A Visit with Teross Young
Vice President, Government Relations and Regulatory Affairs
You’ve been with the same company for 25 years. That’s unusual these days.
It doesn’t feel like the same company because we have grown so much. What was once just a Southern grocery store chain is now a global company. And I’ve had a number of different CEOs through the years.
The company you worked for first was Food Lion, right?
That’s true. It was our local grocery store. I was interested in human resources, even when I was in high school. Our faculty adviser in Future Business Leaders talked to me about HR, and when I went to UNC-Charlotte, I wanted to study HR but there was no such program. So I was allowed to develop my own curriculum, studying business and psychology. While I was an undergraduate, I worked at the mayor’s office in Charlotte, developing a youth employment program, and one of the companies we worked with was Food Lion, which was headquartered in Salisbury, about 40 miles northeast of Charlotte. I got to know the head of HR at Food Lion, and he asked me if I wanted to work for them, which I did for 10 years, starting in 1993. Meanwhile, Food Lion, which had been bought by Delhaize in 1983, was acquiring other companies. In January, Delhaize, which owns Food Lion and Hannaford, merged with Ahold, a Belgian company that also owns Giant and Martins.
Mergers can be a big challenge, especially for people in HR.
They can be, definitely. We’re now a company with 300,000 employees, and to make a merger of that scale work, you have to do a lot of work on the front end, getting everything and everyone prepared for the change. A marriage of cultures isn’t easy, and to succeed, it has to be done at the top level. That’s where the tone is set, and then it works down through the organization. If workers sense that their own middle-manager boss hasn’t bought into the new culture, they will feel that they don’t need to buy into it, either. And within six to 18 months, things start to unravel.
What advice do you have for people whose organization — like yours — has gone through so many changes and so much growth?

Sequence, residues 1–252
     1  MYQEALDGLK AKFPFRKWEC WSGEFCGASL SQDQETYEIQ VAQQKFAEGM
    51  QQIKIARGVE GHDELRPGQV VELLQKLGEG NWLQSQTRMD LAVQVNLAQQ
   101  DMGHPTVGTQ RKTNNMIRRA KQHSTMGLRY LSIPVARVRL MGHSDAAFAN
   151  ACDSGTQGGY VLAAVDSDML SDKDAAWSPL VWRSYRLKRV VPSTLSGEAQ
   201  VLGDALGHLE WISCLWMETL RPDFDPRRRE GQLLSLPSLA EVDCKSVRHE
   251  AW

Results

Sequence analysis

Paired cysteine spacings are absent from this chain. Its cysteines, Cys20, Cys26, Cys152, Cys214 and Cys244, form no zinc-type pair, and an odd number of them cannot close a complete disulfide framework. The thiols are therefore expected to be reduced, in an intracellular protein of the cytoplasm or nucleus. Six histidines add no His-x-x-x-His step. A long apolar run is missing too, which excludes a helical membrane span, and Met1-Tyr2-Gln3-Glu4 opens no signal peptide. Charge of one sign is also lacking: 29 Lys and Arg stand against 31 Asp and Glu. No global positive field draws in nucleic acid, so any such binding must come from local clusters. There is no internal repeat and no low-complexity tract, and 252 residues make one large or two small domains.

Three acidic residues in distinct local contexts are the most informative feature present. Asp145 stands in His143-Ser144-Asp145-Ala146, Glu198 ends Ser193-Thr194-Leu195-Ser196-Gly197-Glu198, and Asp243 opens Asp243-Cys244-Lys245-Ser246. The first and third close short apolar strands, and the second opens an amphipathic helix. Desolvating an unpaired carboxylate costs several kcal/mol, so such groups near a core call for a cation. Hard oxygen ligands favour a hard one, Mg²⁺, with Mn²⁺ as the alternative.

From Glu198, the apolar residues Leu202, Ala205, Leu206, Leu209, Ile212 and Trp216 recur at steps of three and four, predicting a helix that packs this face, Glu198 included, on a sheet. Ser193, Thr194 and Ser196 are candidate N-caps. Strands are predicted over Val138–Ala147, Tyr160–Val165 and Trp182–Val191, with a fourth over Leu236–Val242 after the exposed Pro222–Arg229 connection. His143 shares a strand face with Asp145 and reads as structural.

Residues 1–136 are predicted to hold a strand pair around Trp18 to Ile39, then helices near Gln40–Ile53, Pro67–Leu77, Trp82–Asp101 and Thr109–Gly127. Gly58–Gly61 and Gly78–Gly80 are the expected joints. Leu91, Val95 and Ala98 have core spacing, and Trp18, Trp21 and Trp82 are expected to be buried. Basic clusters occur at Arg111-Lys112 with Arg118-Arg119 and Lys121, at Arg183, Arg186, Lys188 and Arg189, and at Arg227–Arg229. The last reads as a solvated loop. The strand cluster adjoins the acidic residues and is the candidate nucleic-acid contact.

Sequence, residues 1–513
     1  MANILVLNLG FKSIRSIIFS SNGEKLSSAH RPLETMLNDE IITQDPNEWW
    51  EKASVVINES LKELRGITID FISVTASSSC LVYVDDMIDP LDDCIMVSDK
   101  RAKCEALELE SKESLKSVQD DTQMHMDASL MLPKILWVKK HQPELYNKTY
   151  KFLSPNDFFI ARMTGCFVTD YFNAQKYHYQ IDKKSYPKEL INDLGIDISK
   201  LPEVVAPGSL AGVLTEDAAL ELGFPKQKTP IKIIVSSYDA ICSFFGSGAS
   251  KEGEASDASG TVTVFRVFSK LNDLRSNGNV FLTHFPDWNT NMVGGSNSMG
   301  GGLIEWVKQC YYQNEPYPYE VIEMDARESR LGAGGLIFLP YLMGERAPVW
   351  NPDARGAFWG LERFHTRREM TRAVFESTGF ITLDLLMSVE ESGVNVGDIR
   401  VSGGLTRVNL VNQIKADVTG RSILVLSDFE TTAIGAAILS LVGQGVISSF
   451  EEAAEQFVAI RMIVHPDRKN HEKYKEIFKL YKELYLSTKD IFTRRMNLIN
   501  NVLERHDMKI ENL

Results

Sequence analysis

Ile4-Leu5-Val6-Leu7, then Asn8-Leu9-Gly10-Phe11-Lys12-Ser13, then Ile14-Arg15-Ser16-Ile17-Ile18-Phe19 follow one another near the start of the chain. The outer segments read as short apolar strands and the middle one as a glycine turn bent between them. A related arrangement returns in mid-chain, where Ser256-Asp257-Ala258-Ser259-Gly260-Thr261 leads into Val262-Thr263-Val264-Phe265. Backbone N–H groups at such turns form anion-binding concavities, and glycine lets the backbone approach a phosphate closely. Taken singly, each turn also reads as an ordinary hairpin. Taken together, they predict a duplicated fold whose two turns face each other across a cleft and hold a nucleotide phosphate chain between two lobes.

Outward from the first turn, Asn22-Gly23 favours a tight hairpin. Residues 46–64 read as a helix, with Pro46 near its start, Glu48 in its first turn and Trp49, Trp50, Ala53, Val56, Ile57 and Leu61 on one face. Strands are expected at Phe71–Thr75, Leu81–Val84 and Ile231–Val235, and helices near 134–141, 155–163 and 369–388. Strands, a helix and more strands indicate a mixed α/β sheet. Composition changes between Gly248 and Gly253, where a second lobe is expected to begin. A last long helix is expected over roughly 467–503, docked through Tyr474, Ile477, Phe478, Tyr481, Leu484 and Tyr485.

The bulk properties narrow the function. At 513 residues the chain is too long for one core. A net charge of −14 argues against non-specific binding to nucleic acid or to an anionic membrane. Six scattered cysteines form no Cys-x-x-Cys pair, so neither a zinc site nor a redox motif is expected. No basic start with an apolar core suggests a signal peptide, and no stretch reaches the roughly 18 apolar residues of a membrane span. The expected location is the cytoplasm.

I think you have to always be open to new thinking and be able to move quickly — to adjust. I’ve seen colleagues (or former colleagues) who will tell a new CEO, “This is how it goes here,” and explain things to the new boss, which isn’t the way to go about things. This isn’t the way to begin a relationship. I’m in the relationship business. I try to never let a relationship lapse, even after years in which I no longer work with a person. So when you have a new boss, you need to provide that new boss with the support he or she needs to succeed.
You’re also the mayor of your hometown, right?
That’s right. I was born in Troutman, N.C. — population 3,000 — which is about 35 miles from Charlotte. I moved back there in 2008, and I got on the Town Council in 2013, when the mayor had been in office for 16 years. In about two years, the entire council turned over and the mayor lost reelection. When the new mayor resigned after only five months on the job, the council was required to appoint the mayor. I was appointed mayor in September 2016.
What have you learned from your experience on the Town Council and as mayor that you wish other public affairs professionals knew?
I wish they appreciated how many different constituents you have to listen to in an office like mayor or council and how many different interests you have to balance. You get a lot of requests, and the decisions you make affect so many stakeholders. It is always a balancing act. As a lobbyist, you have only one position to represent before an officeholder. But an officeholder, especially at the local level, cannot have just one major principle of government or policy to uphold or advance. Instead, you have a lot of different stakeholders whose interests you have to respect.